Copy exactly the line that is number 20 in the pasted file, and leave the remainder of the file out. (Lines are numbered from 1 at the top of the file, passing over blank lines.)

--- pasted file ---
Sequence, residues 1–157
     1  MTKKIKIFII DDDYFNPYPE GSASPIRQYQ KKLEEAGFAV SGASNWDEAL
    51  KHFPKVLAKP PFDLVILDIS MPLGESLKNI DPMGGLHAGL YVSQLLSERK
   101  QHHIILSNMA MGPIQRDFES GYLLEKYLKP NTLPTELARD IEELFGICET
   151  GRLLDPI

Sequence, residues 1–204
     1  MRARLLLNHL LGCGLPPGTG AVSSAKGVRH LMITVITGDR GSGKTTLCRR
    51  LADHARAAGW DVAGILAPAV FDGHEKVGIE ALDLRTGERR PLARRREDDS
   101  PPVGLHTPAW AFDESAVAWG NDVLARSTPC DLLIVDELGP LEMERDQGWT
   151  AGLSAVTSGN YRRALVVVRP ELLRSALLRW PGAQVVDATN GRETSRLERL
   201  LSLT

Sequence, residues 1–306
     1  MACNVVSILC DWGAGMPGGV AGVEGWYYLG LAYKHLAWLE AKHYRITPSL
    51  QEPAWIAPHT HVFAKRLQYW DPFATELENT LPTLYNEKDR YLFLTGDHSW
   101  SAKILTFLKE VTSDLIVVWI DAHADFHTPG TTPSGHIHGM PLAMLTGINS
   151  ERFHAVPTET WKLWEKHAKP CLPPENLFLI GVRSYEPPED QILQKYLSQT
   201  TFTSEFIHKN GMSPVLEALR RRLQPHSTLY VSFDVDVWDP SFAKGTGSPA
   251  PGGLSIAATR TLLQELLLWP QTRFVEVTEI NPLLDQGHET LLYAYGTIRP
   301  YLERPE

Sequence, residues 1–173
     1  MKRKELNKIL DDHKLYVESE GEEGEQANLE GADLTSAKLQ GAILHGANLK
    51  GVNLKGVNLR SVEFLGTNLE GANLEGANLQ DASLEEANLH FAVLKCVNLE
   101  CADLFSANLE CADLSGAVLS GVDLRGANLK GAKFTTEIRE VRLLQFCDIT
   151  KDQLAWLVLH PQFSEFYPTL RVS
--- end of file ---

Sequence, residues 1–173